Is there a difference between advice and advisers?

First, there is a difference between Financial Planning, Investment Advice and Retirement Planning.

Financial Planning is taking you from where you are to where you want to go. Investment advice is structuring your resources towards that goal … and many confuse the investments with the goal. Without a goal, what would be a proper investment? Without a goal, it is investing for investment sake … and the goal morphs or becomes “to make money.”

However, the real goal is managing wealth in such a way that the goal is not only achieved, but sustainable. And that’s my segue to Retirement Planning. The goal isn’t to just retire, or the beginning. The goal is sustainable retirement throughout retirement … to make it to the other end!

Businesses plan all the time. The problem is that people don’t … but they should. Otherwise they end up with random results and wonder what happened and why.


Secondly, what kind of control are you giving to the person you choose to work with? You may choose an adviser who has discretionary control over your assets. In other words, you have given authority for the adviser to decide when and how to invest your money and make changes (based on written guidelines). Alternatively, you may choose an adviser who has no discretionary authority over your assets. They advise and you decide. In reality, the adviser with no authority is closer to being a true adviser while the adviser with authority is closer to being a money manager. In general, but not always, the non-discretionary adviser has a broader perspective on your goals because the emphasis is placed on goals and the plan and not just investing.


Note: how you pay the adviser in any of the cases may be exactly the same … so compensation is not how you distinguish one adviser from another … other than separating out commission advisers from fee-based (fees and commissions) or fee-only (no commissions at all). In general, you are more likely to find an adviser who is “in your corner” (advises in your interest) with a non-discreationary adviser who is also fee-only, and least likely to find one in your corner who is paid by commissions.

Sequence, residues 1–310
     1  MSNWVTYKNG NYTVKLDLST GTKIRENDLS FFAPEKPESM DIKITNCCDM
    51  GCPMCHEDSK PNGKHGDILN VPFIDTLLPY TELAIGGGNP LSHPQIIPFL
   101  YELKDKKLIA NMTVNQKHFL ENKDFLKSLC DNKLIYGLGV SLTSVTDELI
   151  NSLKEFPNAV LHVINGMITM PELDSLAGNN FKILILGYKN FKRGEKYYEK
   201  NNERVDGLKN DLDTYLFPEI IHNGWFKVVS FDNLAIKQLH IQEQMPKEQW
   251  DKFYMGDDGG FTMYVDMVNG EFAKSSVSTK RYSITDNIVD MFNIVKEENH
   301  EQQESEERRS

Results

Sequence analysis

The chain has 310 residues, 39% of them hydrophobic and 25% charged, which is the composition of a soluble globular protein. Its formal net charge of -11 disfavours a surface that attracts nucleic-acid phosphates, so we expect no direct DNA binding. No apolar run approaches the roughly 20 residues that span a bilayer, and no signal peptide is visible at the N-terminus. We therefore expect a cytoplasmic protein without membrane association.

Therefore, when you are interviewing someone to help you … keep the two differences above in mind: 1) What kind of planning are you trying to do, and 2) What kind of control are you willing to give up? Services they give would fall into any of the planning categories above.  Product is where you may get steered based on “just investing” focuses. Most of the conversation should be on the planning topics for you and less on investment advice (which supports the plan … not becomes the plan).

There are helpful resources available at the SEC’s Investor website. The SEC’s Investor Alerts website is also helpful so you may separate what is legit from fraud.


When you are interviewing someone to help you … here are helpful questions to ask them:

SEC Top Tips for Selecting a Professional

National Association of Personal Financial Advisors  (NAPFA)  Tough Questions to Ask Your Advisor.

And … as you ask these questions … keep in mind what it is you are trying to do … often it is not a product … rather a service and process as the foundation where the product, if any, is almost an afterthought.



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